During the 72nd Independence Day speech, Hon’ble PM of India announced that India’s first manned space mission will be launched by 2022.
• The manned Mission is proposed to be called ‘Gaganyaan’ and is expected to cost less than Rs 10,000 Crore.
• The spacecraft will be placed in Low Earth Orbit of 300-400 km altitude.
• With this India could potentially become the fourth country to send a man to space, after the erstwhile USSR, USA and China. Denmark also has a manned space flight scheduled for 2022
• To accelerate the programme, ISRO may consider seeking collaborations with space agencies from friendly countries and advanced space programmes.
• The manned mission will be preceded by two unmanned launches, the first of which has been scheduled for December 2020. The second unmanned mission launch will be in June 2021, before the manned mission launch in December that year.
About the Launch:
• GSLV Mk III, the three-stage heavy lift launch vehicle, will be used to launch Gaganyaan as it has the necessary payload capability.
• The launch will happen from Sriharikota of Andhara Pradesh and the spaceflight will take 16 minutes to reach the orbit where it will stay for five to seven days.
• After de-boost, the Orbital Module will take 36 minutes to splash down in Arabian Sea. The crew module will be recovered within 15-20 days
About the Crew:
• As per ISRO, the ‘Gaganyaan’ will carry three persons into space, including a woman, for five to seven days. The crew will do microgravity experiment during the mission.
• The Crew will be selected by Indian Air Force and ISRO jointly and they will be given a rigorous training for 2-3 years.
• First Indian Citizen in Space: Rakesh Sharma, an Indian Air Force pilot, is the only Indian citizen to have been to space till date. He flew onboard a Russian spacecraft (Soyuz T-11) in 1984 and was awarded the Ashoka Chakra for his achievement.
• Indian-born, Kalpana Chawla and Indian-origin, Sunita Williams are among the known names to have gone to the space.
Origin of the Idea:
• August 2004: ISRO Policy Planning Committee recommends a manned space mission.
• November 2006: National committee comprising 80 scientists and technocrats endorses proposal.
• February–March 2009: Another committee, comprising Montek Singh Ahluwalia, R Chidambram, Roddam Narsimha, MGK Menon ,Yash Pal, M S Swaminathan and K Radhakrishnan, discusses the desirability and feasibility of the programme and expresses support.
• December 18, 2014: Successful testing of experimental flight of GSLV MK-III, this also successfully tests an experimental crew module.
• August 15, 2018: Prime Minister announces manned mission to take place before 2022.
Essential Technologies Developed by ISRO:
• Re-entry mission capability
• crew escape system
• crew module configuration
• thermal protection system
• The prototype of a space suit
• The Space Capsule Recovery Experiment (SRE) was conducted in 2007, Crew Module Atmospheric Reentry Experiment (CARE) in 2014 and Pad Abort Test on 5th July 2018.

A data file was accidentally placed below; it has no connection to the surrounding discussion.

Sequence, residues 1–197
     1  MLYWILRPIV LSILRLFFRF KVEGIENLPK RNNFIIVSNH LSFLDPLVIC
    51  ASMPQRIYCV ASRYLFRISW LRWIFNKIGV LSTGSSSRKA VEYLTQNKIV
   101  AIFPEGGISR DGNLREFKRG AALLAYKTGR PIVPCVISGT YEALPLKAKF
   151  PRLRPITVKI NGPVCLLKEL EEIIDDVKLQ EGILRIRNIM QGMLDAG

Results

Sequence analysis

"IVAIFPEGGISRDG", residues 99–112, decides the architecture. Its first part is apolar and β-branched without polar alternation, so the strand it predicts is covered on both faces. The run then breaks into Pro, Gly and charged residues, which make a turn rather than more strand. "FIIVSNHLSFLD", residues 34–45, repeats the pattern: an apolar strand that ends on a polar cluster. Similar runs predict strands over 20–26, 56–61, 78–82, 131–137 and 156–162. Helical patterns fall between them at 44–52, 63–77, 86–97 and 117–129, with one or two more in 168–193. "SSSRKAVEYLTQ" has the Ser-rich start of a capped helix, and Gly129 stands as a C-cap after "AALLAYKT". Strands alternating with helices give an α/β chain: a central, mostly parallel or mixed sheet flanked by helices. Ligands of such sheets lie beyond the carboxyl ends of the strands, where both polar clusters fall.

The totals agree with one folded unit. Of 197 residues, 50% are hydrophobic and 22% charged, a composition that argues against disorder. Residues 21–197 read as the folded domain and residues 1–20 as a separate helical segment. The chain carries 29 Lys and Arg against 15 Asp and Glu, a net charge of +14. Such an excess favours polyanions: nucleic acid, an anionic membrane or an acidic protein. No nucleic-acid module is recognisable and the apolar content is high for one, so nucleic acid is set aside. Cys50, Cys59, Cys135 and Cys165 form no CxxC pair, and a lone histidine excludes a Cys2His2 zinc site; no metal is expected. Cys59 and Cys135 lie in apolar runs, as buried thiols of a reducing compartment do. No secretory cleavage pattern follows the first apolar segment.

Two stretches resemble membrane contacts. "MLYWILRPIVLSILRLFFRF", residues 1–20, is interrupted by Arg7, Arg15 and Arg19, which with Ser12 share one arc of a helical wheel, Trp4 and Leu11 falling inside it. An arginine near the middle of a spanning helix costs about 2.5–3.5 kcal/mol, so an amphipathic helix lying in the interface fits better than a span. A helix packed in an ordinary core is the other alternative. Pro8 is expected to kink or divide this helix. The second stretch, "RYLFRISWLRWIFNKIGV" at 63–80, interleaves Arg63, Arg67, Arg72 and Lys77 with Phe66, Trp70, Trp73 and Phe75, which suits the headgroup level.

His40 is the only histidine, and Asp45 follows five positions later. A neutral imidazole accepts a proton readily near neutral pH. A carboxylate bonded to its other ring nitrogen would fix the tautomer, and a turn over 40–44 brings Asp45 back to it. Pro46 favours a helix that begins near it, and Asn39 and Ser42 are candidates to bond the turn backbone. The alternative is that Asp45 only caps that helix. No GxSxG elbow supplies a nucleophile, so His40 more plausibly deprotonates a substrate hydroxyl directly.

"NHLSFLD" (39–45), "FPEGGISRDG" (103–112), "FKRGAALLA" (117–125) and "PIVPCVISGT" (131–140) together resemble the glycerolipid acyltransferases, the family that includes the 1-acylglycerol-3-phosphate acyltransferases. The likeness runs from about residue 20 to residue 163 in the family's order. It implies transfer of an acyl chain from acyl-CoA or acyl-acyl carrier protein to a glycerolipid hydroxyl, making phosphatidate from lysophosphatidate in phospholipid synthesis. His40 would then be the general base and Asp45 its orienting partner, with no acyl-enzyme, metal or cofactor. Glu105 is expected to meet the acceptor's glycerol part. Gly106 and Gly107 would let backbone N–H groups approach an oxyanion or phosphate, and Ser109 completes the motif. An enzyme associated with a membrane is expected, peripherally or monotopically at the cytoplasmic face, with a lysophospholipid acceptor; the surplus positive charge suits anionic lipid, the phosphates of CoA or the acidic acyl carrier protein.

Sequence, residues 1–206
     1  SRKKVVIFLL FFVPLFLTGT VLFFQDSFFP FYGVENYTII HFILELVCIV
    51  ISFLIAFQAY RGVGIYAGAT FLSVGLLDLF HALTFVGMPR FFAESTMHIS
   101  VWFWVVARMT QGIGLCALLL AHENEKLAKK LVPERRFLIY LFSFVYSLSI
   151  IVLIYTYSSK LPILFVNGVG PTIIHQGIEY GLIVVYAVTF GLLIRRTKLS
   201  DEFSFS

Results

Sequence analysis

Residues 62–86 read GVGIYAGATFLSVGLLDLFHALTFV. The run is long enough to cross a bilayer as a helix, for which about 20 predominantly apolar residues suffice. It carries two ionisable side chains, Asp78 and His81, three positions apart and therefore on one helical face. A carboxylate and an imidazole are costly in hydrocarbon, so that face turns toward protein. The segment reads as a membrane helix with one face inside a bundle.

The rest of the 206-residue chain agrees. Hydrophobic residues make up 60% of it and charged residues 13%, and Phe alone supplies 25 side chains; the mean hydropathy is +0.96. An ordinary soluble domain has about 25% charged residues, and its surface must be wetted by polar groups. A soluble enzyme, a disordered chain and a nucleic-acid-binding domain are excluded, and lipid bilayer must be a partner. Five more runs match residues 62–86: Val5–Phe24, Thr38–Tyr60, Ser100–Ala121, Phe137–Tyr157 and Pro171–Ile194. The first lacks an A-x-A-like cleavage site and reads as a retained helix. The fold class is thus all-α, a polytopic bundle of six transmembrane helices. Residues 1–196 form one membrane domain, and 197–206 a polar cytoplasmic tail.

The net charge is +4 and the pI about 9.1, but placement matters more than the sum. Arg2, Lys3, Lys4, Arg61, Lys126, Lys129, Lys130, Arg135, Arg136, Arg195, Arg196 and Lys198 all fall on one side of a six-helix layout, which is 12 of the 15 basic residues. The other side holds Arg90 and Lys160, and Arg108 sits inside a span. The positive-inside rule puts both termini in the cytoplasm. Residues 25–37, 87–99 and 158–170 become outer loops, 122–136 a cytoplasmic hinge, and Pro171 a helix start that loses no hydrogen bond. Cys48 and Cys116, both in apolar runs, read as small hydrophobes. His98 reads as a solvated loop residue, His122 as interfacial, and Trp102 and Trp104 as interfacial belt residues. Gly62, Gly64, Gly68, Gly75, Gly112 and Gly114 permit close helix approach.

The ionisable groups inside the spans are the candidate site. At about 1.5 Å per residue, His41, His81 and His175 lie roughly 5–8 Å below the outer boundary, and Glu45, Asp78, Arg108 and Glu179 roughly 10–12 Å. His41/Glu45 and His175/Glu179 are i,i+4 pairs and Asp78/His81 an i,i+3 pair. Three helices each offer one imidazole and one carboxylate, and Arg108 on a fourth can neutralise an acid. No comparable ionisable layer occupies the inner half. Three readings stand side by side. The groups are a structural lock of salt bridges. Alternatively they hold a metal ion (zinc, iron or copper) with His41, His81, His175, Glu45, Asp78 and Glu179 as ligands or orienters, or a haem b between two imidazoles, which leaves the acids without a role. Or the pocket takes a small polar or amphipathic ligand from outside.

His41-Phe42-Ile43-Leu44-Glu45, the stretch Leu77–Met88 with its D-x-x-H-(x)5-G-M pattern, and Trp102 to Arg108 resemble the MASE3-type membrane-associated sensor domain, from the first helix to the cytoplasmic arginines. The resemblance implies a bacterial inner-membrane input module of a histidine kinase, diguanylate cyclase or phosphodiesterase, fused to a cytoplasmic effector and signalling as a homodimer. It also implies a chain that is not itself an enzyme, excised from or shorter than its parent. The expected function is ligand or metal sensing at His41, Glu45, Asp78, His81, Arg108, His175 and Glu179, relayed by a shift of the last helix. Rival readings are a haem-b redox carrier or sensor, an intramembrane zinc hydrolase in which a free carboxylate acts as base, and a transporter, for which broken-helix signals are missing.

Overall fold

• Enhance Science and Technology: The mission will help in national project involving other institutes, academia and industry and improve industrial growth.
• Motivate Youth: It will also inspire youth to take challenge in science and technology, additional human resource development and provide way for the international collaboration and policies.
• Employment Generation: It will also help in providing employment to 15,000 people. Of them 861 will be from ISRO, 1,366 from national agencies and 11,050 from industries.
• Culmination of all achievements: ISRO has been giving shape to this mission for some time now. Also, all the technology developed by ISRO will culminate and converge towards this Manned Mission.
• Development of New Technology: Other technology needed for a manned mission such as Environment Control and Life Support Systems, Food and hygiene related technologies are getting ready.
• Utilize the Start-ups: India has a lot of new start-ups and this mission will provide an aspiration and relevant market for such new companies.
• Industry Academia linkage: As per the statement of ISRO, much of the work related to ramping up of infrastructure and supply of hardware for this mission would be outsourced to industry in a major way and academia would be involved.
Arguments Against this Mission:
• Crores of rupee wasted: It is argued that this money could be used to feed millions of hungry people and children suffering from malnutrition.
• It is also argued that those thousands of ISRO scientists and engineers can contribute more by coming up with new technology to fix malnutrition, poverty and sanitation.
• ISRO’s budget is better spent to meet India’s communication needs and bring down digital divide.
• Less of a scientific pursuit and more of a space race with China and other developed countries.
Achievements of ISRO
• Chandrayaan-1, launched in 2008, orbited the moon and sent a probe to the surface which made a controlled crash landing. It remained operational till August 2009.
• India also launched the orbiter to Mars called “Mangalyaan” in 2013 and had completed more than 1100 days in orbit as of November, 2017.
• In 2017, ISRO launched a record 104 satellites in one blast-off.
• ISRO is aiming to send an unmanned mission to the moon in January 2019 called Chandrayaan-2. It will aim to put a craft with a rover onto the moon’s surface to collect data.
• NAVIC: The Indian Regional Navigation Satellite System.
• The south Asia Satellite was launched in May 2017 as a “gift” to its neighbors.
• Everything said and done, if this materialises, this complex programme will truly be a national endeavour.
• Today, the youth of India needs to be inspired and the manned mission is sure to capture the imagination of millions of them.
• Finally, as they say “A nation that shares passion for science and technology will shine forever.”